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Playground magazine



“If Dalí made a film about me that would be great, yes that would be funny”

A tender conversation with Daniel Johnston ahead of his European tour

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“If Dalí made a film about me that would be great, yes that would be funny” | PlayGround | Music Features

Daniel Johnston is a singer, songwriter and artist. His drawings have been exhibited internationally, whilst his songs have been covered by an enviable list of admirers: Yo La Tengo, Tom Waits, Sparklehorse and The Flaming Lips to name a few. Daniel’s collaborated with Jad Fair and Sonic Youth, been commissioned by Matt Groening and lauded by David Bowie. Kurt Cobain wore his iconic t-shirt throughout the majority of 1992. So far, so hipster-luringly good.

"Some dismiss his

output as a curiosity,

even accusing his

fans of fetishizing

mental illness.

I would urge the

cynics to re-consider."

Yet Daniel Johnston divides opinion. Daniel struggles with his mental health and his songs and drawings are often painfully vulnerable, naïve and unreliably realised. Consequently, some dismiss his output as a curiosity, even accusing his fans of fetishizing mental illness. I would urge the cynics to re-consider.

Although depression acts as a catalyst (“Drove those demons / Out of my head / With an organ and a pencil full of lead”) and a ready point of observation (“I lost my head for a while / Was off my rocker outta line, outta whack”), his work is underscored, rather than defined, by his illness. To be distracted by his depression, would be to undervalue his talent. Daniel Johnston is a master of melody and a deft lyricist. He offers a unique voice, informed by an unusual perspective.


Our conversation is tangential. Questions are hit, others are missed and answers often veer off into unexpected territory. Daniel often trails off mid-sentence; forgetting his thoughts and losing his point. Yet he is consistently good natured, warm and enthusiastic (note the number of exclamation marks in the following interview); possessing a refreshing lack of pretensions. On hearing that I play bass Daniel excitedly explains that he is looking for a bass player and asks me to send him a tape. With my heart firmly in my mouth I regretfully remind him that I live in London and we conclude that it’s perhaps a little far from Texas. Regardless, I haven’t stopped grinning for days. Or practising.

Daniel Johnston is touring Europe throughout April 2012, coinciding with an exhibition of his art-work in Madrid.

Hello, may I speak to Daniel please?

This is Daniel.

Hi Daniel, this is Jessica.

Well, hi there Jessica, how are you? Where are you calling from?

I’m calling from London.

London? I was just wondering if I was playing there anytime soon . . .

Yes, I think you are playing at the Union Chapel.

Yes that rings a bell.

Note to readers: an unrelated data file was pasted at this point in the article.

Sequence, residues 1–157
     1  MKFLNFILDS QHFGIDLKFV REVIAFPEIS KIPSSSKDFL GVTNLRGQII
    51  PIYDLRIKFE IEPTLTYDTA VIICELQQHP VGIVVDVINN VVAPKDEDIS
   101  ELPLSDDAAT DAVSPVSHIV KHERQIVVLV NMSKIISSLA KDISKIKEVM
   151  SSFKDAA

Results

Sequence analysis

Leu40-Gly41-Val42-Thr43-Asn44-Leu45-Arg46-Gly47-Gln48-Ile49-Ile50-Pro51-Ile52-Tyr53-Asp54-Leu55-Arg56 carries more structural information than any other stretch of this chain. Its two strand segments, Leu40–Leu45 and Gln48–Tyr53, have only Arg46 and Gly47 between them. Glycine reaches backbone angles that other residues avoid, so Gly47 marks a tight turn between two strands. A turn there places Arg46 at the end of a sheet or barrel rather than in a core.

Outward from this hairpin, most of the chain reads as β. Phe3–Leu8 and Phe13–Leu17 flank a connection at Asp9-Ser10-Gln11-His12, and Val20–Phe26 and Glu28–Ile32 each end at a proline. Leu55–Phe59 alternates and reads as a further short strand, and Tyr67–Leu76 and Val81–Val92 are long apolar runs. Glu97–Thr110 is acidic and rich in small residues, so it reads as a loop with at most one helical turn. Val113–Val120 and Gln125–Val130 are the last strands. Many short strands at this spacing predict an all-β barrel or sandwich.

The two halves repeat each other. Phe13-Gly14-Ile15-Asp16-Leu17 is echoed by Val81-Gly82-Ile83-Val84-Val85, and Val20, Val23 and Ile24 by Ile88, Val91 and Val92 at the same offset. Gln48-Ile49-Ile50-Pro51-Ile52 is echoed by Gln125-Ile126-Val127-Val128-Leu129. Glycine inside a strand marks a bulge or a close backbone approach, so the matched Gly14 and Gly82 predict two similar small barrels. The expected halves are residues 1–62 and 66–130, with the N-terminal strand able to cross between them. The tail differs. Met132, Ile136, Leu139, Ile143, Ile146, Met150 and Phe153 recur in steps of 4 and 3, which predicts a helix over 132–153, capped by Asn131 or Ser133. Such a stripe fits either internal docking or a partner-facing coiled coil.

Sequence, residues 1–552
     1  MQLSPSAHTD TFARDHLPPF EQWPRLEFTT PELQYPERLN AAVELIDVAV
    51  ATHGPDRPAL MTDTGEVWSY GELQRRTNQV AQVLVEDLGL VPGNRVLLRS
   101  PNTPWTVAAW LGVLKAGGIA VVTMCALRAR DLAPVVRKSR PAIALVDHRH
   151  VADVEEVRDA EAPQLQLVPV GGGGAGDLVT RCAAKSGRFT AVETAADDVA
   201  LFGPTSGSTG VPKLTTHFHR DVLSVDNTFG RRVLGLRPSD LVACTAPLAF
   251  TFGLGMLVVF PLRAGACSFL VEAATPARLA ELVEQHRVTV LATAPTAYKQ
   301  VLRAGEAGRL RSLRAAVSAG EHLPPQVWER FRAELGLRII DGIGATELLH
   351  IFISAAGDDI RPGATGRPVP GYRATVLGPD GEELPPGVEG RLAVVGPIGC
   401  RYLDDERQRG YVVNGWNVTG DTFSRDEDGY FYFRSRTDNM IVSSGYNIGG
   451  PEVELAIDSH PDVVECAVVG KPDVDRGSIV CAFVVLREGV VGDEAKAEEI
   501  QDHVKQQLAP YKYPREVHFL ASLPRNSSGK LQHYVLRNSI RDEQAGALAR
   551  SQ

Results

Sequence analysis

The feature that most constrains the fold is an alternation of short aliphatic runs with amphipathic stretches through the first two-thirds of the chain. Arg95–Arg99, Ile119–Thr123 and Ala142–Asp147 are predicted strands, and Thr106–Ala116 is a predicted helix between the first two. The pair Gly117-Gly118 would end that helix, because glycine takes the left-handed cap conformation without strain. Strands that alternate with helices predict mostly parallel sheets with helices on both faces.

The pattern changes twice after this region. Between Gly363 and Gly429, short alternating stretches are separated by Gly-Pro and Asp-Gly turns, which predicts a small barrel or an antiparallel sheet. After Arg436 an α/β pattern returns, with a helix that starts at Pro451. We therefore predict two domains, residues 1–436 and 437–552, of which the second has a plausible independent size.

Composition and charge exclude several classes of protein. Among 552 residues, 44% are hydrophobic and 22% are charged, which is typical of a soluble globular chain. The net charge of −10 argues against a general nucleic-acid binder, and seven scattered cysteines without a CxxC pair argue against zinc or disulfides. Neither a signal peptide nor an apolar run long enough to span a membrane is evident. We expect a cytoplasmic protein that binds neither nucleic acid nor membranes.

You’re doing a fair few shows at the moment – how’s that going?

Yes, I just got back from someplace . . . I can’t remember. I have a memory problem. It’s the medication they have me on. I have to talk to a doctor about that. [Laughing] Sometimes I think of a lyric and I have to find a pen, then when I’ve found the pen I have completely forgotten the lyric.

"I’ve always wanted

to be a comic book

maker. When I was

young I knew I had

to be something, or

I’d end up working

in a factory,

you know?"

Was it SXSW?

Maybe. Now let’s see. February, April, March. Does April come before March?

No, April comes after March.

[Laughs] In which case no, I don’t think I did play SXSW.

I understand your debut graphic novel – “Space Ducks: An Infinite Comic Book Of Musical Greatness” – has just been released. Can you tell me a bit about it?

Yeah! It’s really cool! It’s about Space Ducks. They even made a cartoon of it. It came out pretty well. I’m really happy.

You’ve been into comic books for a long time. Is it something you’ve wanted to do for a while?

Oh yeah. I’ve always wanted to be a comic book maker. When I was young I knew I had to be something, or I’d end up working in a factory, you know? Well, I drew all the time so I thought: that’s what I went to be! I want to make comics! I thought I’d do that. I was living in Austin and I was also making music; tapes for my friends. Well the next thing I knew I was on MTV and I was a real big star! I take my comic books on the road. I go on the road with my brother; it’s really great. Instead of getting paid I get every meal paid for and I can buy any comic book I want. We drive around and stop at all these Comic Book stores. It’s really, really great.

Are you more excited about seeing your work in comic book form than on the walls of prestigious galleries?

Oh yeah! But I make more money from albums. My Dad manages all that. I get a bit of extra cash for my art. I keep that.

I have one of you pictures on my wall. It’s called “Away We Goo” – is it a reference to Sonic Youth?

Goo? Hmmm. Goo?

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